Ivy Vainio's Pow Wow Dancers Photography Helps Preserve Culture
Ivy Vainio was a senior in high school in Duluth, Minnesota when she attended her first pow wow, with her mother, a member of the Grand Portage Band of Ojibwe. “I remember it very well,” she says. “In the summer of 1986, she brought me to the Nimiiwin Pow Wow when they had it down at Bayfront Park. I remember seeing all the campers, some tipis, and all of the dancers in their colorful regalia. I was in awe knowing that this was part of my culture.”
That senior year in high school brought another first for Ivy—a chance to use a camera. “We were so poor that we didn’t have a camera, ever,” Vainio recalls. “The one time I experienced working with cameras was when I took a photography class. We each made a shoebox camera and made a photograph with it. That was pretty cool. I was fascinated by developing the film in the darkroom, but never really thought I’d want to do this as a hobby or a career.”
Both of those experiences planted seeds that only came into full bloom more than a quarter-century later with Vainio’s first solo exhibit, which has 16 of her photographs of pow wow dancers. Naamijig: Honoring Our Traditions opened this fall, and will be on display at the Gimaajii Mino Bimaadiziyaan building in Duluth run by the American Indian Community Housing Organization until December 31.
Vainio took up photography just four years ago, when her husband bought her a Canon Rebel camera from a pawnshop. Since then she has used her camera frequently to record cultural activities in the region—Native and other cultures. “When I take photographs of cultural events, be it American Indian pow wows, African American celebrations or Hmong New Year events, I feel that I am helping to document these events and help to preserve the culture.”
On the pow wow trail, though, Vainio found a subject that spoke to her heart. She not only made photographs, she made friends. “There’s something special about pow wows. I’ve gotten to know a lot of the dancers.… It’s like I’ve become part of their family and they’ve become part of my family.”
Many of the dancers featured in the 16 photographs on display attended the opening reception, and two of them—George Earth, an elder from the White Earth Band of Ojibwe who also did a pipe ceremony at the event, and T’ea Drift, a young teen from the Bois Forte Band of Ojibwe—spoke.
Vainio says it was critical for her to give the dancers a chance to speak at her opening. Not only does she give the names of each dancer in the photos—a rarity for pow wow photography—but she also gives them voices, inviting each to explain why they dance. The quotations posted beside the images make the exhibit more meaningful and, she believes, more educational and respectful. “I wanted to educate non-Indian people. Having the narrative alongside the photo—and with the dancer—it brings much more cultural understanding between Indians and non-Indians. I learned more about them, more about the culture.”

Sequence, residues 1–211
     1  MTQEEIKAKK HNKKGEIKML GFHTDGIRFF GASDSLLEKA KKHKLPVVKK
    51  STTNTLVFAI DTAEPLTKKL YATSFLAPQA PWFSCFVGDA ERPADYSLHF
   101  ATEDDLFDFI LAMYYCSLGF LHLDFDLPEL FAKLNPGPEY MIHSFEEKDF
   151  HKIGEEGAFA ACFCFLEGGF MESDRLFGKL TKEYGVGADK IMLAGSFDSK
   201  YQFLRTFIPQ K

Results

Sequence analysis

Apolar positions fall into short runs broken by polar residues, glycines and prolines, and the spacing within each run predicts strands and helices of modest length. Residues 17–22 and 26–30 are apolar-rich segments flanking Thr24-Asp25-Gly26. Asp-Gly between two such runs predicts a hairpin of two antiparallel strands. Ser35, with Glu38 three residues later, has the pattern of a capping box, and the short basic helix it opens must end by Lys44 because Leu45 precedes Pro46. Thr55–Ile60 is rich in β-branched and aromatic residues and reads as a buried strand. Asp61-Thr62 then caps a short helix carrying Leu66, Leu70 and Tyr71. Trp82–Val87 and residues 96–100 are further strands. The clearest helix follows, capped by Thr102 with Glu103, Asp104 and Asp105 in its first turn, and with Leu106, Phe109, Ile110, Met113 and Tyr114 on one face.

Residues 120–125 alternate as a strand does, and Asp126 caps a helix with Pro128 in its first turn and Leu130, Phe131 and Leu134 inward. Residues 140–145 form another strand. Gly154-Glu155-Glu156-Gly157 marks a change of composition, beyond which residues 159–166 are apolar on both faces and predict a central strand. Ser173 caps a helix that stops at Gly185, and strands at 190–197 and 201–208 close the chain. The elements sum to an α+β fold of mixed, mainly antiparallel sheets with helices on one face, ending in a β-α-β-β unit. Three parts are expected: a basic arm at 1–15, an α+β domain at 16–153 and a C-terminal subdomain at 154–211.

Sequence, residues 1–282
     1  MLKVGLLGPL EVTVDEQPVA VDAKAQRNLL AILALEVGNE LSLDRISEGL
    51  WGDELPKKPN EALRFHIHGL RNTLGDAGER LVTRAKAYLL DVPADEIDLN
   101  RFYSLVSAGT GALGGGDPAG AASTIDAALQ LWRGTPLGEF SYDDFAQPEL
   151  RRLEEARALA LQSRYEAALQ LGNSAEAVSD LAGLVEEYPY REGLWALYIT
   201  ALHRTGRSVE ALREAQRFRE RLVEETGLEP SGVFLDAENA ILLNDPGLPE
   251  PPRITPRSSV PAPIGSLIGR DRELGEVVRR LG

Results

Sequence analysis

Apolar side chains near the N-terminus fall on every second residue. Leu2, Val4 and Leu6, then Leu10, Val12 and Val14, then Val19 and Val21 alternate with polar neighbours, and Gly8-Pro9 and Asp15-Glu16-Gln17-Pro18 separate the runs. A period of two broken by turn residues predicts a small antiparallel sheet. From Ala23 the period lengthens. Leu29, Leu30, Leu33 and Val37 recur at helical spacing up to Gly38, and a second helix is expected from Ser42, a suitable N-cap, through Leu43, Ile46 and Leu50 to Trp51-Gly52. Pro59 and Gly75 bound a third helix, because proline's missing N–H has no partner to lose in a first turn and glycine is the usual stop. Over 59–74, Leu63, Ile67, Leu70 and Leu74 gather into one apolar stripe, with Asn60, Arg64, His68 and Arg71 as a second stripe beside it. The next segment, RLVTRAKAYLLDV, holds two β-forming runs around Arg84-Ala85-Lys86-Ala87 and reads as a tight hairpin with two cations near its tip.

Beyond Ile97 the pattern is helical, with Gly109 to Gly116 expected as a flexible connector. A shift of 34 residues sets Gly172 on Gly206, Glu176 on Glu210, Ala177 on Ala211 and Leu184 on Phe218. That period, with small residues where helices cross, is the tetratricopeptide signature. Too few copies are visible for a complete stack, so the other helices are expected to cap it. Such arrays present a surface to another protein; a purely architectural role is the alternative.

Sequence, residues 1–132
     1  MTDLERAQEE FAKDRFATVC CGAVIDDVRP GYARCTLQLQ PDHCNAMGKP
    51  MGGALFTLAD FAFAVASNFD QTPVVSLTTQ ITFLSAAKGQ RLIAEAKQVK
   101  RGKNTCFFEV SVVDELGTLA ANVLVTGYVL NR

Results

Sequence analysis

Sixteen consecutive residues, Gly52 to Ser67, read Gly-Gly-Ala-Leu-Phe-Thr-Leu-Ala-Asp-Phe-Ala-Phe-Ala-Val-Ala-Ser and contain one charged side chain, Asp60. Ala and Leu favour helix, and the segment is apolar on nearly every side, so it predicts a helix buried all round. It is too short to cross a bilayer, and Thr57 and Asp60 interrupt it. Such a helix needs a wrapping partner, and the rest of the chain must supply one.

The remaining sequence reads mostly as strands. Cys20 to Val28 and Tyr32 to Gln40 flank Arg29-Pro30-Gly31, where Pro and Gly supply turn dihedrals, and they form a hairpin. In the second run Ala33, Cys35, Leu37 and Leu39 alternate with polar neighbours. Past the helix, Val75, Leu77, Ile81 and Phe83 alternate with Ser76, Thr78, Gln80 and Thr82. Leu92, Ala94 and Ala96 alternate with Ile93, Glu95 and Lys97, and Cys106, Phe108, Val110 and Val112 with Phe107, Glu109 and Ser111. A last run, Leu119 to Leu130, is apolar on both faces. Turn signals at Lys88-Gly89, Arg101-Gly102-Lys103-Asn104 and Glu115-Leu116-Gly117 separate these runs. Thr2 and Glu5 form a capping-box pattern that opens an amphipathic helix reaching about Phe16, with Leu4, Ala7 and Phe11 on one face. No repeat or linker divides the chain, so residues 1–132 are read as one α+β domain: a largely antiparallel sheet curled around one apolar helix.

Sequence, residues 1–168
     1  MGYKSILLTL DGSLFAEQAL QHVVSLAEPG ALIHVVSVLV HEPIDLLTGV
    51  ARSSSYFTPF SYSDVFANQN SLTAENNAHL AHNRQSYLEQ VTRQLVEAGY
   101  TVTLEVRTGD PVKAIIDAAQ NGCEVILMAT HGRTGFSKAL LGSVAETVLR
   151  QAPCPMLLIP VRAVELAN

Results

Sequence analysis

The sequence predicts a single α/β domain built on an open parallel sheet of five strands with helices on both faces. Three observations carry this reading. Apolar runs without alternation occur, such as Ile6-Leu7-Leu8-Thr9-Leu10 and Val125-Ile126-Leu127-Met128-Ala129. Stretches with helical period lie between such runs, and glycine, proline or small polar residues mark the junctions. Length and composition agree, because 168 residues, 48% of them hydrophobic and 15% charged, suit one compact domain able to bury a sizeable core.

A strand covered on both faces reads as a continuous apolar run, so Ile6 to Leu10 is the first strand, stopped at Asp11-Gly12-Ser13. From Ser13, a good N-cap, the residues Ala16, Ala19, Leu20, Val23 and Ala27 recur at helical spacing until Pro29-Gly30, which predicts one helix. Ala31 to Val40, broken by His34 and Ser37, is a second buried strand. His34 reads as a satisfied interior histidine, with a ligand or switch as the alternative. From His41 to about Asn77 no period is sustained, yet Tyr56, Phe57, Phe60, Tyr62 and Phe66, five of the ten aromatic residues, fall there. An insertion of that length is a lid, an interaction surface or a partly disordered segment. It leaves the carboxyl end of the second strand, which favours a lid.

Vainio says she does not want to make the rude mistakes she sees made by many who take photos of cultural regalia and activities, especially the historic photography that she says creates more stereotypes than understanding. “I’m not asking [the dancers] to put on fake feathers and pose.… I really feel that the dancers respect me. They know that I respect them.”
That celebration of culture was one reason Michelle LeBeau, interim director of Gimaajii Mino Bimaadiziyaan, asked Vainio to be the first exhibit in the gallery space of the newly opened operation, which serves as an American Indian Center that also features housing for homeless Native people. In another part of the building, a second exhibit of graffiti spray paint on canvas by artist Rocky Makes Room For Them opened October 20.
Bringing art into the building, which has temporary housing for up to 150 adults and children, is a way to add beauty and cultural pride, LeBeau says. “We thought it would be important to have art
brought to their space.”
Vainio’s goals for her exhibit matched those of the center, LeBeau explains: “Showcase her work, but also to have the dancers talk. She really wanted to honor the dancers.”
The dancers, too, said at the opening reception that they dance to honor others. Drift said, “The main reason I dance is for my family.”
For elder Earth, pow wows can be somewhat bittersweet. They bring back memories of a time when the Ojibwe language was frequently spoken, something he no longer hears. “When we lose something, it’s hard to find again,” Earth said. “These are things that we are beginning to lose ourselves.”
At the reception, Vainio says a friend gave her “the best compliment I could receive. ‘Ivy,’ he said, ‘when I looked at these photos, they made me want to dance.’ ”
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